Dymphna van der Lans: How Systems Thinking Can Impact Climate Change

October 22, 2014 by Stephanie McCauley

dymphna“Climate change may well be the most complex systems problem that we have ever faced.”

Our colleague and CEO of the Clinton Climate Initiative, Dymphna van der Lans, wrote a meaningful piece on what systems thinking means to her and to climate change. In the post below, she mentions her beginnings as a systems thinker in the Netherlands and asks the world to participate in creating whole systems solutions.

How Systems Thinking Can Impact Climate Change
by Dymphna van der Lans CEO, Clinton Climate Initiative

Systems thinker: a phrase that has come to define my method for problem solving, my approach to tackling the world’s greatest challenges, and most importantly, who I am today. When I was asked to serve as the CEO of the Clinton Climate Initiative, I had the opportunity to reflect on what led me to this point and how my identity as a systems thinker would ultimately shape our mission moving forward to confront the complicated threats of climate change.

I was fortunate to be raised by systems thinkers as I grew up in the Netherlands, where everything and everyone is close together. Since there is no wilderness, very little land and very little space, we have to be thoughtful about our resources and about each other, and I have carried these lessons with me to where I am today.

The world, as I see it, is made up of systems, and is the result of any interconnected set of elements that is coherently organized in a way that achieves an outcome. A tree is a system. A forest is a system. I am a system. Systems are often embedded in larger systems, which are embedded in yet larger systems. The earth’s climate is a system comprised of the subsystems of our atmosphere, our oceans, the land, and human society.

“Systems Thinking” views outcomes as the result of the interactions between the various elements of a system and recognizes that systems often contain within them the causes of their own success, and — this is critical— the causes of their own failure. Similarly, “Systems Problems” are problems that have origins in the interactions of the elements of a system, characterized by a high degree of interconnection and interdependence with other variables around them.

Climate change may well be the most complex systems problem that we have ever faced. In our modern economy, almost every human activity is linked to the use of fossil fuels or other sources of climate-altering greenhouse gases. Every time we buy or download a book, every time we cook a meal, every time we travel across town, we are impacting the climate.

At the same time, almost everything that sustains and enriches our lives is affected, directly or indirectly, by the changing climate. At the Clinton Foundation, we realize that access to clean water, the price of our food, national security, the health of ourselves and our loved ones, economic opportunity for this generation and those to come, all are placed in jeopardy by climate change.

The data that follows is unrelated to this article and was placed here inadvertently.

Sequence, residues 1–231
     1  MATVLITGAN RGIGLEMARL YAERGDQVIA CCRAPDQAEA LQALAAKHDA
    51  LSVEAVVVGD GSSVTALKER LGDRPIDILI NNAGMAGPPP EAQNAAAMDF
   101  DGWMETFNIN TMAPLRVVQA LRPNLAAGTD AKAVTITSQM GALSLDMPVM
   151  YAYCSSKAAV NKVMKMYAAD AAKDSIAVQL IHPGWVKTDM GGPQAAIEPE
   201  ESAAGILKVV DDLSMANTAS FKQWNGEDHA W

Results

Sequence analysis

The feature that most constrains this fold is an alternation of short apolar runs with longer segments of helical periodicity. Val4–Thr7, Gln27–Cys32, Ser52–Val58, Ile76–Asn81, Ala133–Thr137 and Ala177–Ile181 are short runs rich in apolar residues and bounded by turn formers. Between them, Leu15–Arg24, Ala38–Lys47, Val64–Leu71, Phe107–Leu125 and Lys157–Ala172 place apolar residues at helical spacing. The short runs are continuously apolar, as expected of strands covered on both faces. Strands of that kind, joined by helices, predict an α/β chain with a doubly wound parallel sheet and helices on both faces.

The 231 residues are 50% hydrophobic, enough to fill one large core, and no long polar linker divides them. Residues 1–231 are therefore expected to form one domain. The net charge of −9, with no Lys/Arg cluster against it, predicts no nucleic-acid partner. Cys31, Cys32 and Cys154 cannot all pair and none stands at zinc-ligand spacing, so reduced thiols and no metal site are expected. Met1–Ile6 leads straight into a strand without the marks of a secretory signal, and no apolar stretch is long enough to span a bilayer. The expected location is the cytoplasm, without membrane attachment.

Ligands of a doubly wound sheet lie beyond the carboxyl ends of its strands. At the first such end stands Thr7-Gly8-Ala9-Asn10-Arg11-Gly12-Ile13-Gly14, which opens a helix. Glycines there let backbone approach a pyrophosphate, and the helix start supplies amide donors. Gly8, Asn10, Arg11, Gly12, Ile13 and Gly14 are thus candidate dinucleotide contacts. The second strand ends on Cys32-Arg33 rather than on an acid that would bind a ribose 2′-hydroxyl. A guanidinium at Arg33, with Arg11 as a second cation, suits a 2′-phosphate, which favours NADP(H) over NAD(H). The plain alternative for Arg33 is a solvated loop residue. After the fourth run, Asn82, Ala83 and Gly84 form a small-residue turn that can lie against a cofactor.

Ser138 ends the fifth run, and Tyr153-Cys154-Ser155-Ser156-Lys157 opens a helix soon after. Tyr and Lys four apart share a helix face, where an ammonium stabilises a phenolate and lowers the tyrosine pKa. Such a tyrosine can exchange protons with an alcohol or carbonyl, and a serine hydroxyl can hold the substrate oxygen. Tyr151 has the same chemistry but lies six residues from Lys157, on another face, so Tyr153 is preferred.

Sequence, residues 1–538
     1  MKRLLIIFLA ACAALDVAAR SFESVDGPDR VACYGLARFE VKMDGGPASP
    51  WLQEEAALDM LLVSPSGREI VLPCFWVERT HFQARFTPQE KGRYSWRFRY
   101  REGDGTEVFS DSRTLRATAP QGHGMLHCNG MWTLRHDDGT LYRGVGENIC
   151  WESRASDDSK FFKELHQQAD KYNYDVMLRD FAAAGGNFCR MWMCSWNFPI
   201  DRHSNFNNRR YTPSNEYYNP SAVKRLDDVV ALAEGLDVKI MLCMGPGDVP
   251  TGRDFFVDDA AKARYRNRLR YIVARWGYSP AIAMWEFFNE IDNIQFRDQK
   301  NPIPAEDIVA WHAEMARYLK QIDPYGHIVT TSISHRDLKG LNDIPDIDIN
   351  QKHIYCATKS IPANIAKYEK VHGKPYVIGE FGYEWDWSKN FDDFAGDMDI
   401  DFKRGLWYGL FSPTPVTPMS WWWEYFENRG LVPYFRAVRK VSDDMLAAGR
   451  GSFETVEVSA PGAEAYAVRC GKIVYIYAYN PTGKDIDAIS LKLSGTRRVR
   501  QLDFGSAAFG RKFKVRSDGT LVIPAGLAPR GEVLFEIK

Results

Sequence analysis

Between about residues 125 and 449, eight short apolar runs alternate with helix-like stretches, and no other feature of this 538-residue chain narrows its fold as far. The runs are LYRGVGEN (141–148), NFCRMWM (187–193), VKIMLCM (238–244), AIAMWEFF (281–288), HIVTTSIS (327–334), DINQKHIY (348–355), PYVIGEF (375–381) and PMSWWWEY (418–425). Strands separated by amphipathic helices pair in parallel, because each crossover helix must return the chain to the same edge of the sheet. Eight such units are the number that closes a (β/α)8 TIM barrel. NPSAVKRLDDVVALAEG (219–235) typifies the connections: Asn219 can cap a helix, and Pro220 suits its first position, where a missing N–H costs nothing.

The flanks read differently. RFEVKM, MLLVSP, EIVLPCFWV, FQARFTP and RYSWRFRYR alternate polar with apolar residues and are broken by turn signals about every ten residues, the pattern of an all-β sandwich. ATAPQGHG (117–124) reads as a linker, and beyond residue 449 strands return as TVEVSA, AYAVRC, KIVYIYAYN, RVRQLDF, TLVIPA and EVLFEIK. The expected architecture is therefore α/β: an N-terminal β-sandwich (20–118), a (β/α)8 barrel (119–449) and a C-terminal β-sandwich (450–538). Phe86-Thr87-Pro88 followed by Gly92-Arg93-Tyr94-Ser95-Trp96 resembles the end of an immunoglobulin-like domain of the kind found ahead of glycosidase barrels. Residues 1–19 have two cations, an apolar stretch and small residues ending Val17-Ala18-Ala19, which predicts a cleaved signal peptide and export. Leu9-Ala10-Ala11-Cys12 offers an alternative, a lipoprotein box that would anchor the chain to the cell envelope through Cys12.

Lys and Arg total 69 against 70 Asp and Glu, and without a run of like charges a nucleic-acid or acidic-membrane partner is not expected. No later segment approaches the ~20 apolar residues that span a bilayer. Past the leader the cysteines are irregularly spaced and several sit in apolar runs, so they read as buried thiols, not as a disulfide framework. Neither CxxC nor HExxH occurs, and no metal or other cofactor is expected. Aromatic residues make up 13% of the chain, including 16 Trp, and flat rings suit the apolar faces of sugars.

We must insist on solving more than one problem at a time and on tackling multiple interrelated challenges at the same time. We need the resolve to address systems rather than symptoms. A solution will not be effective or enduring if it creates new problems. And so, we need new business models, new technologies, new policy frameworks, and most importantly, new ways of engaging with each other.

The Clinton Climate Initiative (CCI) does exactly that in its unique systems thinking approach. We are moving away from focusing on single technologies to using a whole systems approach as we recognize that there is no single silver bullet solution to stopping climate change. Rather than narrowly focusing on one approach, like renewable energy as the only solution, we take a more holistic view to developing systemic solutions. We collaborate with world-class partners to increase the resiliency of communities facing climate change and to create replicable and sustainable models for others to follow.

At the core of our engagement philosophy is Systems Thinking; identifying and activating leverage points that can create significant, positive impact in climate change mitigation and energy transition for communities around the world. CCI has worked with governments and communities to build data systems to better inform decisions and policies on the management of land and natural resources. CCI has also developed waste, water, and energy strategies with our Small Islands partners to create impact from boosting the local economy to women’s empowerment. Finally, CCI has introduced innovative financing mechanisms by partnering with employers to bring energy efficiency benefits to lower home energy expenses and improve people’s lives and their living and working environments.

Through our programs, focused on landscapes and land use, energy supply and energy demand, and energy efficiency, we aim to work together to tackle these systems problems. Now we call on you to take action, to start thinking about your home, your country, your world, and your climate as a system. We ask that you join us in creating solutions that take into account the entire system and all its complexities. Together, we can work to create measurable, meaningful and lasting contributions—one system at a time.

Read the original post by Dymphna van der Lans